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March 01, 2010



Well, there is, as I am sure you know, an extensive research literature in this field. Just google 'Corporate Governance'. The bottom line is that there is no one best ownership structure of all firms. In some industries we see customer owned firms (eg mutual banks), some have supplier owned firms (eg mutual dairies), employee owned firms (eg lawyers, accountants), government owned (eg schools) and capitalist firms. They all have pros and cons, but they all work under the right circumstances. As for football clubs, I am not convinced the mutual bank model is necessary the best.

(Your comparison to Sainsbury limps - the relevant metric would be how much each customer would have to cough up)


Yes, Morten - of course you're right. My point, however, is that difficulties of transitioning from one structure to another cause a bias towards capitalist-style structures. Maybe some of these are "efficient" in the sense that the cost of changing is high, rather than they would out-perform co-ops over the long-run.

Miguel Madeira

"* Why don’t local residents buy out libraries, or even schools or swimming pools?"

I think that some "recreative societies" are basically that.


In response to your specific question, I presume if you're aware of it, you'll be looking out for its results: Lambeth Borough Council is going to spin out council services as co-op -run business:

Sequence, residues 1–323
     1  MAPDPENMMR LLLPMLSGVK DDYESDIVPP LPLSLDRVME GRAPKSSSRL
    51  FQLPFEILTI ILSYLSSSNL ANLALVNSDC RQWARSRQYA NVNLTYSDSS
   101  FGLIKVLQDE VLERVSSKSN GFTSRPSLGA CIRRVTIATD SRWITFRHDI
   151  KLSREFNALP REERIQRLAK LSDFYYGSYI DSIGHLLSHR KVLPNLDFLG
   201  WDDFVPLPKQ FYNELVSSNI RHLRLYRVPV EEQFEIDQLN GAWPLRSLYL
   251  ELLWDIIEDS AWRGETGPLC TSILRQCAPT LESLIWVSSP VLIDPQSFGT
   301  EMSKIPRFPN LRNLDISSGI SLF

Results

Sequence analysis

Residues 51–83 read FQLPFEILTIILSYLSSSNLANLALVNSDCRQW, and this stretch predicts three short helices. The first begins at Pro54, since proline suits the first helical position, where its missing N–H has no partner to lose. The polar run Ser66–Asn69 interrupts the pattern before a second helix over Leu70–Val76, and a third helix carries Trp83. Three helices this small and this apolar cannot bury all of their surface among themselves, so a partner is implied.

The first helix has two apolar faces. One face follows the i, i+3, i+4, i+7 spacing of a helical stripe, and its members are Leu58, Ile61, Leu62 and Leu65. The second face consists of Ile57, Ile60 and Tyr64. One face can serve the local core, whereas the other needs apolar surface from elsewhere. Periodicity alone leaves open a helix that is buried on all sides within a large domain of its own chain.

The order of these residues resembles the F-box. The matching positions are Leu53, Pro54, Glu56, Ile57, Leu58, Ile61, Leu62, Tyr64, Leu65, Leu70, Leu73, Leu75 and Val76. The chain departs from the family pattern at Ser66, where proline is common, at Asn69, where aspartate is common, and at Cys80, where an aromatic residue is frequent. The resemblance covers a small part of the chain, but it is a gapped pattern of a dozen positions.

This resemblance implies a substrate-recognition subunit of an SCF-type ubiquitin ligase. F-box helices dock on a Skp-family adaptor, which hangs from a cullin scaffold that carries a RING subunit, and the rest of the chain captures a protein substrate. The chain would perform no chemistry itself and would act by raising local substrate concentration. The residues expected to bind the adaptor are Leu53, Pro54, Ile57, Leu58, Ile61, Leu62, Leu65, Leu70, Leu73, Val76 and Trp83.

This point has always seemed fairly clear to me. There are huge collective action problems in trying to organise worker takeover of firms, but that's not the only way co-ops have the odds stacked against them. Co-ops are also less likely to externalise costs, making them less competitive even though they're increasing economy wide efficiency. To get round the lack of capital problem, workers could always just occupy and try and take it forcefully: but this also faces collective action problems, and the fact that the capitalists could call on state violence to defend their property 'rights'.


That said, collective problems are sometimes exaggerated. They're based on silly 'rational actor' models in which the utility boost of peer approval is not considered (and the painful effects of peer sanctioning faced by free riders). Collective action organisers might not benefit any more than everyone else in immediate material terms, but they will enjoy enhanced social prestige and possibly enjoy material gains in the long terms.


What is the advantage of 'the public' owning local libraries over council ownership? In neither case can everybody get the book they want because there are so many published and so few bought in comparison.

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I have this dream of one day running my family like a well-organized, stimulating boarding school. Each night after the kids go to bed, I'll lay out the fun and educational activities for the next day, prepare healthy meals and then have time for five miles on the treadmill, a bubble bath and an Ogilvie Home Perm.

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